Computation of INSEY

We assumed that growth from planting in October to the mid winter months of January and February would provide an excellent indicator of wheat health in each 0.84m2 area and thus the early-season growth-limiting conditions for small areas.  The sum of NDVI at Time-1 and NDVI at Time-2, divided by growing degree days (GDD = [(Tmin + Tmax)/2 - 4.4C] (from Time-1 to Time-2) was computed and evaluated as an index for in-season prediction of grain yield (in-season estimated yield, or INSEY )  The INSEY index was one of many different indices evaluated that included mathematical combinations of the following; NDVI at Time-1 and Time-2, GDD and total days from Time-1 to Time-2, GDD and total days from planting to Time-1, and GDD and total days from planting to Time-2.  The INSEY value was expected to reflect a point on the potential growth curve for that season, thus providing a reliable estimate of YIELD POTENTIAL that was specific to the growing conditions from planting to dates of sensing.  The use of GDD in the computation of INSEY allowed us to consider both winter-spring growing conditions and time (between the readings) and to a certain extent, rate of growth.  This  was also consistent with work by Rickman et al. (1996) showing the relationship between above ground dry weight and cumulative growing degree days (Figure above).   Dividing the sum of NDVI at Time-1 and Time-2 by GDD  results in a unit of predicted biomass (using NDVI) per growing degree day.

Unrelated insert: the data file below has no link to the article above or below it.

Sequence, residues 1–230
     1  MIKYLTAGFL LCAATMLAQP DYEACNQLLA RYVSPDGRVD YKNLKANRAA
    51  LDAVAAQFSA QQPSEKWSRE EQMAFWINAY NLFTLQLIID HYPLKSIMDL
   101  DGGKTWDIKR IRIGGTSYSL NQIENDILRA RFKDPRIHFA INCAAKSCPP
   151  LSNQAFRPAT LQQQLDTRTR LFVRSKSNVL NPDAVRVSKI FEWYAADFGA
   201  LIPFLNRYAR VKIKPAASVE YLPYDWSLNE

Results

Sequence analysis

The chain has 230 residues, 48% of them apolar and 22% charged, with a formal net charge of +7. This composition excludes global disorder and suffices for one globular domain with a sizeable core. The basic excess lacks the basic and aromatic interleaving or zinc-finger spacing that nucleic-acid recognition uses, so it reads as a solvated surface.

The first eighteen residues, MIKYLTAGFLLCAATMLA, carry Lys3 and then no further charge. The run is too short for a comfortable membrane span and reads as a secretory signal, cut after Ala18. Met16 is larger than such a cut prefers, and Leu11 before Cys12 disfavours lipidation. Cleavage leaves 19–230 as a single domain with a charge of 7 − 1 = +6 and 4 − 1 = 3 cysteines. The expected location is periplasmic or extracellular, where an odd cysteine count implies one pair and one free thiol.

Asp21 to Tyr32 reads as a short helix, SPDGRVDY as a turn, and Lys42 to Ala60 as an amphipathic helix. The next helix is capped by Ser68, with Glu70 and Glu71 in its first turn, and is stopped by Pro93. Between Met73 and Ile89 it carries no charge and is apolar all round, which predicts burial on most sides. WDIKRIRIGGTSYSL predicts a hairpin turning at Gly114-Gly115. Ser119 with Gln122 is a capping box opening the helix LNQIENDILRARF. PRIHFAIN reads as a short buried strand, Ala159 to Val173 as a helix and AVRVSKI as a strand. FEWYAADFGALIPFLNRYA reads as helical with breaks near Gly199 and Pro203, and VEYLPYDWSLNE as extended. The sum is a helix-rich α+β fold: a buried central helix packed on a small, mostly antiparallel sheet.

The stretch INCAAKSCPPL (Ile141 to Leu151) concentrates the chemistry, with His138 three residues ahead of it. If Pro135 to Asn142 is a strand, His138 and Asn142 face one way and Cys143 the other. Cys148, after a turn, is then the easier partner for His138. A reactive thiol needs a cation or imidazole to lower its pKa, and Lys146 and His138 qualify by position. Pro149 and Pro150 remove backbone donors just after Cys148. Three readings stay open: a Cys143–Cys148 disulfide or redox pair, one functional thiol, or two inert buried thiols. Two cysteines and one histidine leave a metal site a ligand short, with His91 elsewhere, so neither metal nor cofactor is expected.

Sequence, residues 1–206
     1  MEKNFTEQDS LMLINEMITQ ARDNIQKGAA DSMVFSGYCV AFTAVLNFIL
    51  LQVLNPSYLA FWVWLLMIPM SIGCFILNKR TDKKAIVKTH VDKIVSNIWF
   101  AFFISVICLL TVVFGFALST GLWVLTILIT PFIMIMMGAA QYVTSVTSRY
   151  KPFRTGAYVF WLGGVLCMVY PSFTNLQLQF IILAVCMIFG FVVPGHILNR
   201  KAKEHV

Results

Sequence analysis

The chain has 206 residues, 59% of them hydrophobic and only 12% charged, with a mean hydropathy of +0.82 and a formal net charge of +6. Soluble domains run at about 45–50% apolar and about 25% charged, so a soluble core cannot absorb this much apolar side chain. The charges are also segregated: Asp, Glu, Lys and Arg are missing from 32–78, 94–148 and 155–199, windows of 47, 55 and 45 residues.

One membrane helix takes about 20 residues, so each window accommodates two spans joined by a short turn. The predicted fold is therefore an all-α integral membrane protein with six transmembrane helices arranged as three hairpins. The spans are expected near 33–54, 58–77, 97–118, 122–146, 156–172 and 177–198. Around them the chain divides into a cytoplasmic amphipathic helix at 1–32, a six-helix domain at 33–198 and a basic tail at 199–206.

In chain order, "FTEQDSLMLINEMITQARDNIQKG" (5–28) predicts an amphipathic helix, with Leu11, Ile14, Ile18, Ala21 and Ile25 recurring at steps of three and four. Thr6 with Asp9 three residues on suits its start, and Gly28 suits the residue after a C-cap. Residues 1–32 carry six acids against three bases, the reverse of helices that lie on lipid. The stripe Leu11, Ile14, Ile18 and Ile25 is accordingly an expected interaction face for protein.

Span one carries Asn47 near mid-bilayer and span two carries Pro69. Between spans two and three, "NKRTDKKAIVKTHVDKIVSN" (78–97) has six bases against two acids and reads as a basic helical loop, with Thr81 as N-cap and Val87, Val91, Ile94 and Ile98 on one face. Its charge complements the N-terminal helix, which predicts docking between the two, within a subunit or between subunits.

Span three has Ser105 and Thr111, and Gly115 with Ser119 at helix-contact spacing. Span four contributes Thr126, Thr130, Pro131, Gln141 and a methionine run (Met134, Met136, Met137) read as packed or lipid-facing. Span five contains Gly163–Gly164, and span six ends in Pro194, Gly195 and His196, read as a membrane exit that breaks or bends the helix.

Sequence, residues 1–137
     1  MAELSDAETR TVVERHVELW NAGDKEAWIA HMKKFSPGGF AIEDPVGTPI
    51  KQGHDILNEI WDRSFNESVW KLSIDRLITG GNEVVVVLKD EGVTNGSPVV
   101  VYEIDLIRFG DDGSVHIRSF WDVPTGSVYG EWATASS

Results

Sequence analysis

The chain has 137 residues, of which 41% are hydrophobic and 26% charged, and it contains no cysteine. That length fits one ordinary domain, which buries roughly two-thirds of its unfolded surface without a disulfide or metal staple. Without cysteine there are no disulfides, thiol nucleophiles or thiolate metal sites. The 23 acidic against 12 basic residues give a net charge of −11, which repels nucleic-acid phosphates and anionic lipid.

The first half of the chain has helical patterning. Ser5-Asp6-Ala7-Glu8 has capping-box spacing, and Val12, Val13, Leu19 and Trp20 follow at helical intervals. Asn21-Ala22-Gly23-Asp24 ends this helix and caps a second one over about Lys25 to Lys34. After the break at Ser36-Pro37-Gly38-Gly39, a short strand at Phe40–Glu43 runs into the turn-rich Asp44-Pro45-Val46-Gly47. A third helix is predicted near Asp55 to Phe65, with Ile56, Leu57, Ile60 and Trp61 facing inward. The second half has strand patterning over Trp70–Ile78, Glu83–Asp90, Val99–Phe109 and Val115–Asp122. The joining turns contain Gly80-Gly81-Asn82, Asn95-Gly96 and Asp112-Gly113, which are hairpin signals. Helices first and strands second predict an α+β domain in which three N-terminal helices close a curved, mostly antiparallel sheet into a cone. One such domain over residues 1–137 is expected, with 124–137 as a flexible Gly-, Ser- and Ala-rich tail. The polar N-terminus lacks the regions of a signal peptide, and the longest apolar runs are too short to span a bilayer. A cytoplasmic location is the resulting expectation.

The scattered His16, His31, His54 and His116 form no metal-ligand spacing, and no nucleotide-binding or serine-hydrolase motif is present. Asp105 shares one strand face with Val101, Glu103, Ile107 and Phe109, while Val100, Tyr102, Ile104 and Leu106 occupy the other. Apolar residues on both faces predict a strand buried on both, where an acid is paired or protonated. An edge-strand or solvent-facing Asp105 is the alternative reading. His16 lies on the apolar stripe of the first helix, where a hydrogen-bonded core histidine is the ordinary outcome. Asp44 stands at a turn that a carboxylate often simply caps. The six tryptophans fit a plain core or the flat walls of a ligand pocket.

It is important to note that the sum and not the difference in NDVI from Time-1 to Time-2 was used since the sum would reflect the average, while the difference (NDVI at Time-2 minus NDVI at Time-1) would theoretically imply growth rate.   Although we were interested in growth from Time-1 to Time-2, the difference in NDVI from Time-1 to Time-2 was not always consistent since some measurements resulted in negative values.  This was a biological possibility in winter wheat; especially considering what can happen in terms of weather from January to February and its effect on wheat foliage.  This is in addition to other factors affecting optical measurements enumerated by Huete (1987) and Jackson and Huete (1991).  For this reason, the sum of NDVI at Time-1 and Time-2 was used and also because the initial prediction of biomass (Time-1) integrated growing conditions and plant health (stand density, vigor and N uptake) from planting until the first winter spectral reading.  Also, adding the two NDVI readings (estimates of biomass) assisted in removing some of the variability in radiometric data collected from the same 1m2 area over time.